Wewa commissioners address firehouse construction concerns

The Wewahitchka city commissioners unanimously voted on Thursday to have the city’s attorney, Michelle Jordan, declare a default of contract over construction issues with the city’s new firehouse.

Wewahitchka and the firehouse’s general contractor, Winterfell Construction, have been in conflict over the quality and timeliness of the job for several months, with commissioners first raising issues in their November regular meeting. In December, Jordan was instructed to involve the project’s bonding company in case the city felt the need to take further action.

On Thursday, it was revealed that after contacting the building’s manufacturer, the manufacturer would not agree to issue a warranty for the firehouse due to the improper installation of the building’s roof.

“The only thing you can do at this point is to declare a default based on the communication of the building representative that the roof has to come off,” Jordan said to the commission. 

“That is absolutely a default of the contract. It’s a default that can be cured under the contract. We have to put (the contractor) on written notice of the default and provide him with information he needs in order to remedy the default in a given time frame.”

While the bonding company will have the option to hire another contractor to complete the roof, Jordan said that her communication with the company made her believe this was unlikely.

“Once we declare the default, it’s up to the surety whether or not they allow him to complete the work or whether they bring in another contractor,” she said. “And I can tell you, realistically, they’re not going to bring in another contractor… There aren’t contractors out here that are available.”

Commissioners tasked Rachel Jackson, the city’s clerk, with applying for a time extension on the firehouse project, which was previously scheduled to be finished in late December.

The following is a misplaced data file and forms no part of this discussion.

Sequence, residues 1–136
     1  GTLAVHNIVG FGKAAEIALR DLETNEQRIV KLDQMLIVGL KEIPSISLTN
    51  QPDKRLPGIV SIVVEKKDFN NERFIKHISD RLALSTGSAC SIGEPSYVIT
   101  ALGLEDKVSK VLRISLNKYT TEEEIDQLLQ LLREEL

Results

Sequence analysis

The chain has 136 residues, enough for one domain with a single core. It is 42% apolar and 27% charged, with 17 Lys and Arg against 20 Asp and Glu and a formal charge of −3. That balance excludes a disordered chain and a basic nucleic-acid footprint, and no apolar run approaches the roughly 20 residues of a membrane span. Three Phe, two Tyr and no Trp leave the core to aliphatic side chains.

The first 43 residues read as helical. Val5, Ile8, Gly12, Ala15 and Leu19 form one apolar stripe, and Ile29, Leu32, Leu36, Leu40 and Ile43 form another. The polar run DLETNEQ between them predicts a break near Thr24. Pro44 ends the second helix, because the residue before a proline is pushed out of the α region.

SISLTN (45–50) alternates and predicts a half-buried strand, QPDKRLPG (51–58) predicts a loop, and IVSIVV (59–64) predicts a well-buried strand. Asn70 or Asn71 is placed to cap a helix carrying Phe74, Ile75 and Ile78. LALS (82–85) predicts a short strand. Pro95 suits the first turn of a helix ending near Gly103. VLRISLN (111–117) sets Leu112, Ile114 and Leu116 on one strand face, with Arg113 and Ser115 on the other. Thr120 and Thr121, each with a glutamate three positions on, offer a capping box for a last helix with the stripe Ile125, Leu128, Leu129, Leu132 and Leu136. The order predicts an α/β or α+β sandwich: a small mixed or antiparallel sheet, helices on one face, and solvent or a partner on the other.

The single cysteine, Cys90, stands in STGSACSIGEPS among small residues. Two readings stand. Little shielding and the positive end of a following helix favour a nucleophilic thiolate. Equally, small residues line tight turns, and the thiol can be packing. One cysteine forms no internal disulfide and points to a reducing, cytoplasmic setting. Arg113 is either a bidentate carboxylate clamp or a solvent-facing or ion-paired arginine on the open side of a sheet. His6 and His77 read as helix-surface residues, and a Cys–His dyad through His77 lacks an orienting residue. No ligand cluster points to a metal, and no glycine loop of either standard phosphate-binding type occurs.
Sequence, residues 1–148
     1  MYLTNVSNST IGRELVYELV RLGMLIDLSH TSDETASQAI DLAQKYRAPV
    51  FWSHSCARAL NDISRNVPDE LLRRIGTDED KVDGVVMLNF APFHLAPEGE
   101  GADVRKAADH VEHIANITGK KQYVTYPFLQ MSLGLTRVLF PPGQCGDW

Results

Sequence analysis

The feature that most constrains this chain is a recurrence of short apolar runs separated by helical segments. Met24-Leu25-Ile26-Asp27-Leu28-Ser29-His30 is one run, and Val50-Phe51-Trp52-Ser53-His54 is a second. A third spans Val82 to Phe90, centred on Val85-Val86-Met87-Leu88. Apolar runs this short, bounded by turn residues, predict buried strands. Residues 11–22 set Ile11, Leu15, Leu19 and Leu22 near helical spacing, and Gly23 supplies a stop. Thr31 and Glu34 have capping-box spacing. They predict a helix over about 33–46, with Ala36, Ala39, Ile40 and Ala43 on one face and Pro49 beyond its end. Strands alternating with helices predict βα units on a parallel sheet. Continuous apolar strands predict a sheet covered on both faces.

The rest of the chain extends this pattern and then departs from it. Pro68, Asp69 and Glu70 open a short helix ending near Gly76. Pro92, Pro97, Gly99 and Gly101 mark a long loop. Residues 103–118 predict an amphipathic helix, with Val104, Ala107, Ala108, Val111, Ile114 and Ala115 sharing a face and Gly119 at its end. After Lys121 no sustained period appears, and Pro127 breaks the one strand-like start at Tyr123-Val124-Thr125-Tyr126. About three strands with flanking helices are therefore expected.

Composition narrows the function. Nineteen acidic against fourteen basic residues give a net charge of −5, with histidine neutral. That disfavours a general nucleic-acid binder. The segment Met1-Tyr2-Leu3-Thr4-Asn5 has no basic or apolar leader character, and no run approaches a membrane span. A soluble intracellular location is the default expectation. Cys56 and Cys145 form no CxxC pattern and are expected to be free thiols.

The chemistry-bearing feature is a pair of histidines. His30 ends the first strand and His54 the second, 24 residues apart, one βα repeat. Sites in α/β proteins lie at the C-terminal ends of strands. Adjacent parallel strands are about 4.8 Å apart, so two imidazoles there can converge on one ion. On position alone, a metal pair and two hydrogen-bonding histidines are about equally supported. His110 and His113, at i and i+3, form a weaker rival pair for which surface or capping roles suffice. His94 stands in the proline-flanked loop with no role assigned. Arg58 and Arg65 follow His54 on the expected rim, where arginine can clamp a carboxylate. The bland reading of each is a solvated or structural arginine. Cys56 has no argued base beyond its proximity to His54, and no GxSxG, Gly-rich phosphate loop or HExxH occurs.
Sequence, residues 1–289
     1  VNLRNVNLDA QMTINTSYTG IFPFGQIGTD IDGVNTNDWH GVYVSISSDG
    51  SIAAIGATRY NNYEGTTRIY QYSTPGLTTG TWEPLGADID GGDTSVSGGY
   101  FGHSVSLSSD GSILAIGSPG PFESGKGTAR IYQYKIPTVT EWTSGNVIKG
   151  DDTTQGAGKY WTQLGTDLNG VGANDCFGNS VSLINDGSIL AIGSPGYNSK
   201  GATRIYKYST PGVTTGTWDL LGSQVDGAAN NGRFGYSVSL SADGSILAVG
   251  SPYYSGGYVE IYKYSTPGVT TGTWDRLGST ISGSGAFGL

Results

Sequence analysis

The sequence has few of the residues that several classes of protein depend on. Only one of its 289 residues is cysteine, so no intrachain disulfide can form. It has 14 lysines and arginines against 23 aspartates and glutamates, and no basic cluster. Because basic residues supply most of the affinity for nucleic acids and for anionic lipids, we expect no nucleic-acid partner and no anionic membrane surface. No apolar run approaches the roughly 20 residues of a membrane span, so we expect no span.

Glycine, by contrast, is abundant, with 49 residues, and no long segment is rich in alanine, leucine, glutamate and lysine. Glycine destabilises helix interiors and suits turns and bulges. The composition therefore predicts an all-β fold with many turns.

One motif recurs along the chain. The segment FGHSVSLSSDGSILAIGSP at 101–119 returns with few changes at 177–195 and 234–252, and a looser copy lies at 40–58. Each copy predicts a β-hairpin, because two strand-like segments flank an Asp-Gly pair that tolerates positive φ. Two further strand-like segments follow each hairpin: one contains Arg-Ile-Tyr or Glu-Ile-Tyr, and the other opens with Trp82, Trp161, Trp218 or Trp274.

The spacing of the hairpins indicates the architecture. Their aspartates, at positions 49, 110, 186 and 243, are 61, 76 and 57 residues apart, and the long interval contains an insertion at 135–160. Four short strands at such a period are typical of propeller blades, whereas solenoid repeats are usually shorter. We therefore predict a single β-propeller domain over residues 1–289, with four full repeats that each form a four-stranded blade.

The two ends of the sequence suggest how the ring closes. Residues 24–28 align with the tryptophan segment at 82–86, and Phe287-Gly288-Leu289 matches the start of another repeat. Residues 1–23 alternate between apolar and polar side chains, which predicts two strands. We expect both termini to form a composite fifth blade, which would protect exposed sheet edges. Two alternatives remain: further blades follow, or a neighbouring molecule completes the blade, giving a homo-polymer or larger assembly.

The city’s original agreement with FEMA and the state required that the work be completed by April in order for the project to still be eligible for reimbursement. However, Jackson said that in previous correspondences, she was told the city could get an extension through September or October with the state before they would have to reapply for an extension with FEMA.

Tyler Marsh, an engineer acting as an impartial overseer of the project, did share that progress had been made with some of the commissioners’ previous concerns, presenting a new plan for the drains, which commissioners were able to look over. 

Marsh also presented the city with several requests from the contractor for additional work days, which the commissioners were reluctant to approve. Instead, it was requested that the contractor appear at commission meetings to present change orders himself so that he could be present to explain his case.

An additional monthly meeting was added to make this easier. It will be held on the second Thursday of every month at 9 a.m. in the Wewahitchka Library’s conference room, unless the room has been reserved for an event.

An agenda for all city meetings, featuring the meeting’s location, is available in advance on Wewahitchka’s website.

Winterfell Construction has not yet responded to the Star’s request for comment. However, Tommy Hamm, the company’s owner, did tell our media partner WMBB last week that Winterfell “is working through potential design problems with the City and will strive to come to a resolution.”

Meet the Editor

Wendy Weitzel, The Star’s digital editor, joined the news outlet in August 2021, as a reporter covering primarily Gulf County.

Prior to then, she interned for Oklahoma-based news wire service Gaylord News and for Oklahoma City-based online newspaper NonDoc.com during her four years at the University of Oklahoma, from which she graduated in May with degrees in online journalism and political science.

While at OU, Weitzel was selected as Carnegie-Knight News21 Investigative Fellow among 30 top journalism students from around the country. She also was senior editor managing a 12-person newsroom in coordination with Oklahoma Watch, a non-profit news organization in eastern Oklahoma.

Wendy Weitzel The Star Digital Editor

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